Marie Janes encounters the following situations in doing the audit of a large auto dealership, Janes is not a partner.
Situations as follows:
1. The sales manager tells her that there is a sale (at a substantial discount) on new cars that is limited to long-established customers of the dealership. Because her firm has been doing the audit for several years, the sales manger has decided that Janes should also be eligible for the discount.
2. The auto dealership has an executive lunchroom that is available free to employees above a certain level. The controller informs Janes that she can also eat there any time.
3. Janes is invited to an attends the company's annual Christmas party. When presents are handed out, she is surprised to find her name included. The present has a value of approximately $200.
a) Assuming Janes accepts the offer or gift in each situation, has she violated the rules of conduct?
b) Discuss what Janes should do in each situation.
First, the rules of conduct start at the top, but they work down to every employee in a CPA firm. The firm must establish the code of conduct and then 'live' the code. The tone is established and monitored at the top and enforced through training and constant evaluation. Every person in the organization learns that deviation from the code will not be tolerated. (Arthur Anderson may have forgotten part of that when dealing with Enron.)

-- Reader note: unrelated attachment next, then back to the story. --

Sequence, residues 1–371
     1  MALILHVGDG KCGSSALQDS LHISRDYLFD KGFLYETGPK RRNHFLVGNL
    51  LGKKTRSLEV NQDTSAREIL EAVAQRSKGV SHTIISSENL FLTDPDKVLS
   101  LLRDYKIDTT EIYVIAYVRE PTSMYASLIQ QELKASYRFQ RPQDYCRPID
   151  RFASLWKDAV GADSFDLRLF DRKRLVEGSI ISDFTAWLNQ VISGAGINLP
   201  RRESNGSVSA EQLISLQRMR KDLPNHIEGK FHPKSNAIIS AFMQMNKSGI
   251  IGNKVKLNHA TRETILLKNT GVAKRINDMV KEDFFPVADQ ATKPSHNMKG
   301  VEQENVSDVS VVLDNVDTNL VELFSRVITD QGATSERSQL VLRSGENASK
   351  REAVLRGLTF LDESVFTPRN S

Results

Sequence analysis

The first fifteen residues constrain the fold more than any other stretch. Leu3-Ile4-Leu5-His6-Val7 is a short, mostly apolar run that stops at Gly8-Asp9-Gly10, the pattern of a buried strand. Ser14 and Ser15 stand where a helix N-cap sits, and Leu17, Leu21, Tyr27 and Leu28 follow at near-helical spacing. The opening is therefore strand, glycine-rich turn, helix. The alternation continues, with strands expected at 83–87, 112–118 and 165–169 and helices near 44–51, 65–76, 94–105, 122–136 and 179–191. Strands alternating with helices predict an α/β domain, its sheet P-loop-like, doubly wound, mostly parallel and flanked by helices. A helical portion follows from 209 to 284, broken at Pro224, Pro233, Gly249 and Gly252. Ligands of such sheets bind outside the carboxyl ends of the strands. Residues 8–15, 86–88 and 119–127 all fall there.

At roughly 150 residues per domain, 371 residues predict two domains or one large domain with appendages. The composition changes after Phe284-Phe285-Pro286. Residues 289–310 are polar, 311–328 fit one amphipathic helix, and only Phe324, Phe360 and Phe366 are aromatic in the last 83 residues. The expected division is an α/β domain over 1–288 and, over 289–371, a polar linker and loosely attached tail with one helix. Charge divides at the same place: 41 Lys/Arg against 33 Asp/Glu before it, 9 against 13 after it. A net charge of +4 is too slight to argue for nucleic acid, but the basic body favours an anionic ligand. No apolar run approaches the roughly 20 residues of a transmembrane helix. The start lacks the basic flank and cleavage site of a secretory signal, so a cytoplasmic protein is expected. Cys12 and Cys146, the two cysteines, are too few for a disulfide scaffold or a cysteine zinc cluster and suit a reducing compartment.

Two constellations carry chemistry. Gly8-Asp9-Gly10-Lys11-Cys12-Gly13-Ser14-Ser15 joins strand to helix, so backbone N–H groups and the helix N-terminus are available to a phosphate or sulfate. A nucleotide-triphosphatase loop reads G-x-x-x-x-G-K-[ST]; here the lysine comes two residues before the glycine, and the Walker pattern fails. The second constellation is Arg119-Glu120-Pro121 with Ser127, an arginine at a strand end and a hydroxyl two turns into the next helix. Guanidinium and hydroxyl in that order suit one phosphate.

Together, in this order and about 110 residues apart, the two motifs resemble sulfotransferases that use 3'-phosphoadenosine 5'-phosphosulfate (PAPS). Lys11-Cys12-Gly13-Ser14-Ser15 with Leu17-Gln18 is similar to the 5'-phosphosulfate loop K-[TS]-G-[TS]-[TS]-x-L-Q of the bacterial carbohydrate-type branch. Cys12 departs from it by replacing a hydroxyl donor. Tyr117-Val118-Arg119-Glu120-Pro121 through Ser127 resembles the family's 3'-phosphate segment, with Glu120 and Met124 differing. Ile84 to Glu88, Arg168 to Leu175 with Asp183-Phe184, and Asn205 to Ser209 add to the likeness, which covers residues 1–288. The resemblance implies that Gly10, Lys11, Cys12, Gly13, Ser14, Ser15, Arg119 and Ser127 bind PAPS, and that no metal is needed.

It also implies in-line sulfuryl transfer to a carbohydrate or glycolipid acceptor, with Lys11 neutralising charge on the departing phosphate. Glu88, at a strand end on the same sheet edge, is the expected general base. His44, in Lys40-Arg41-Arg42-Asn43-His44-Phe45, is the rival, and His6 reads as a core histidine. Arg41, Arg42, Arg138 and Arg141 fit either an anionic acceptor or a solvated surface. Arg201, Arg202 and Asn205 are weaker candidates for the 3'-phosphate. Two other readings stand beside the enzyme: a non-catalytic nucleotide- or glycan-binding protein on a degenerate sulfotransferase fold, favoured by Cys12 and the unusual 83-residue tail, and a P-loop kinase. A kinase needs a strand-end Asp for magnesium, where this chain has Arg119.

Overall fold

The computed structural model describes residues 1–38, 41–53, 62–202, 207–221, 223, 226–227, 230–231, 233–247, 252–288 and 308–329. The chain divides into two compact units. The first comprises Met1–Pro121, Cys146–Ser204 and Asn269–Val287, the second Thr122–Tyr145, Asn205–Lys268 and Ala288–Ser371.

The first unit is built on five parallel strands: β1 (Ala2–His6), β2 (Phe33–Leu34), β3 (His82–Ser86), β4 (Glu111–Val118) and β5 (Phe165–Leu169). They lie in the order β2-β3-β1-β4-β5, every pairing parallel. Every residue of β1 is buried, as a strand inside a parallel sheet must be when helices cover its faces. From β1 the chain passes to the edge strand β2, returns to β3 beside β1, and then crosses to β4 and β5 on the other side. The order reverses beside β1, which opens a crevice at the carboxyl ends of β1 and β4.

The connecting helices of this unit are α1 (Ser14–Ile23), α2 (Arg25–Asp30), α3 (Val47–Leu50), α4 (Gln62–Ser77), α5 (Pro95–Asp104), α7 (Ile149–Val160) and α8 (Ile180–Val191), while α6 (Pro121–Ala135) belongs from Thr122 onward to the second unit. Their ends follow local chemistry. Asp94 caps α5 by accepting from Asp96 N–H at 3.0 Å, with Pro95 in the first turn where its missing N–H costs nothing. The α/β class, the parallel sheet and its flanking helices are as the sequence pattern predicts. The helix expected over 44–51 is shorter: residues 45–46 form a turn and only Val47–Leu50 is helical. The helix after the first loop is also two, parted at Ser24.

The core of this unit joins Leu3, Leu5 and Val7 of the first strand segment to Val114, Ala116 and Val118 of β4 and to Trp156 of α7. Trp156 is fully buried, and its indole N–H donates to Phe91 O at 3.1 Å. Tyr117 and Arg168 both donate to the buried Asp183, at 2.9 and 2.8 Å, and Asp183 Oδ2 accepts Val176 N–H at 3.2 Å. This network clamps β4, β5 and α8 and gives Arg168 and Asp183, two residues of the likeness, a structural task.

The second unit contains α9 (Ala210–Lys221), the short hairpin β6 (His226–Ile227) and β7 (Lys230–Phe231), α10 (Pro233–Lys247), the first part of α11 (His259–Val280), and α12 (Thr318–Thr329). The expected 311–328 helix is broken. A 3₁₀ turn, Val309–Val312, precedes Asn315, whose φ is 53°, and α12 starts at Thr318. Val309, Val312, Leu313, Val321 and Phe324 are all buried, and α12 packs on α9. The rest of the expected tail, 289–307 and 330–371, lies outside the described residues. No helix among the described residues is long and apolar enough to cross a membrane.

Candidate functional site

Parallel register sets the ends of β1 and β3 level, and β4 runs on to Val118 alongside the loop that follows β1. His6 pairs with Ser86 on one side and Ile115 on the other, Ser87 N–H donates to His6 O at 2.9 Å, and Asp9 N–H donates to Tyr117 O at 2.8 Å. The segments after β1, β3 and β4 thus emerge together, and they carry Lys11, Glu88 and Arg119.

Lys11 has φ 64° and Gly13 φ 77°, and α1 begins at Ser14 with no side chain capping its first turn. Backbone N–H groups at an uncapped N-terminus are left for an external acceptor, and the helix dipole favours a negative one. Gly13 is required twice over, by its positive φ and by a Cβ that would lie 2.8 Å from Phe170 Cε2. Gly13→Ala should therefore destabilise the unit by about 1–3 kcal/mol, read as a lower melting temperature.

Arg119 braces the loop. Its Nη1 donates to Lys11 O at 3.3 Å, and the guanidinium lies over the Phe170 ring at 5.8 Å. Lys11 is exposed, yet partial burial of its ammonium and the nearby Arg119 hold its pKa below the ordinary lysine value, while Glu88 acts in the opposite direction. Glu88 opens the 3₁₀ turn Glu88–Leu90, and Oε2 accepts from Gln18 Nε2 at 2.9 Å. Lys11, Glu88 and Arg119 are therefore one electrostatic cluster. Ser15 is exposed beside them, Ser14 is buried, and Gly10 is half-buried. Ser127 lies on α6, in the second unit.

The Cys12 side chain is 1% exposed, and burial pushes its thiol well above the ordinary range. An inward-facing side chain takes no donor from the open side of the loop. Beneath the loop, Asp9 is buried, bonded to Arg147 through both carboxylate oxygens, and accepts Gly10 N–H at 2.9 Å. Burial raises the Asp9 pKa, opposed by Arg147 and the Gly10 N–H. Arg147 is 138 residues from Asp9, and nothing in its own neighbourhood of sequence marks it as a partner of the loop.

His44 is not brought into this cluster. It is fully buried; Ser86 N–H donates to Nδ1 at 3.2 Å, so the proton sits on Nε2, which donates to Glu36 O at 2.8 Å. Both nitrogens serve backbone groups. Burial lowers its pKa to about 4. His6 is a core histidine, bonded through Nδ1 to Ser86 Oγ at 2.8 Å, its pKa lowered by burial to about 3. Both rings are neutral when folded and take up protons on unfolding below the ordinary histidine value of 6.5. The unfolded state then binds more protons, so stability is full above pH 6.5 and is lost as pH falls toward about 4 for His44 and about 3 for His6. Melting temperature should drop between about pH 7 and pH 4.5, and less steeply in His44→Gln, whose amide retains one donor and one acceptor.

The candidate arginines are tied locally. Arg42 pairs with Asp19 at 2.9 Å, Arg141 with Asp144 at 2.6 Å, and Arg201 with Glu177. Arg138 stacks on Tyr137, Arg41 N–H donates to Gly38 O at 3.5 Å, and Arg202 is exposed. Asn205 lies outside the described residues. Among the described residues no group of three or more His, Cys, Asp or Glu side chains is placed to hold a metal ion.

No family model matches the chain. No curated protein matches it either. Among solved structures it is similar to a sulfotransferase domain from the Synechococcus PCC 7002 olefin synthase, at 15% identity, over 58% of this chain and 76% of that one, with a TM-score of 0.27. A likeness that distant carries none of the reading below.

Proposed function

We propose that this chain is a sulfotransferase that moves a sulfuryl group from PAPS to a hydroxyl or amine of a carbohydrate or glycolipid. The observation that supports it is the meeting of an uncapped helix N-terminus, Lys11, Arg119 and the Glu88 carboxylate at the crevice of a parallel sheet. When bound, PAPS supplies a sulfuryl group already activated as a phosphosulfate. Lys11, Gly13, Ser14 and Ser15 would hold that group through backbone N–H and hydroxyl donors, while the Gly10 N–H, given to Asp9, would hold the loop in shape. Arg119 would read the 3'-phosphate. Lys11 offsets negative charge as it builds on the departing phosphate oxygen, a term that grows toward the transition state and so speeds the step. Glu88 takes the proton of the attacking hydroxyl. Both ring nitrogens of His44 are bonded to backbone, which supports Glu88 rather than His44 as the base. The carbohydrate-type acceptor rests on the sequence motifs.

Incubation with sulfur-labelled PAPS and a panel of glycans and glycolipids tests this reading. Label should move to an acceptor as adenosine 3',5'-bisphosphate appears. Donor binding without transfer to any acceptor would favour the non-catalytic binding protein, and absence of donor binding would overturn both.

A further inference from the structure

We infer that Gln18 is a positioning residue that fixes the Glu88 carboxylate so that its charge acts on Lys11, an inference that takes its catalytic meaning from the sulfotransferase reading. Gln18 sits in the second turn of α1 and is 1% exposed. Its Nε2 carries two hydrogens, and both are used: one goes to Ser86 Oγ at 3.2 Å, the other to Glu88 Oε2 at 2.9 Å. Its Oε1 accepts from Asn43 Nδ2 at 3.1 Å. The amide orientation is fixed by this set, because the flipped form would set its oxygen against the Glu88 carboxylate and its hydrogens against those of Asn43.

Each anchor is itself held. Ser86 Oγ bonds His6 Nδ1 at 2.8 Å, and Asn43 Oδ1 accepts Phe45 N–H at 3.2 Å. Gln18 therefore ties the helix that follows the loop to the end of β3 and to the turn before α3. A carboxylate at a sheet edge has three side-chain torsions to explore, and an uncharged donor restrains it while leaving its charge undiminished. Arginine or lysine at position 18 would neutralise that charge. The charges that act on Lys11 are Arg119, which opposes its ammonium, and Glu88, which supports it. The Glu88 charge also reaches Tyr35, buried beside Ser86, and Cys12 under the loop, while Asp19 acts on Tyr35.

Much of the reason for a strong code of conduct relates to independence. Everyone has gotten into the act of promoting independence including the SEC, the GAO, and the AICPA. The objectives of the SEC for the independence requirement have two goals: "One goal is to foster high quality audits by minimizing the possibility that any external factors ...
The solution explains the ethical criteria by the AICPA, the SEC and the GAO with respect to independence of an auditor and the audit firm. Then that criteria is applied to each of the situations presented in the problem.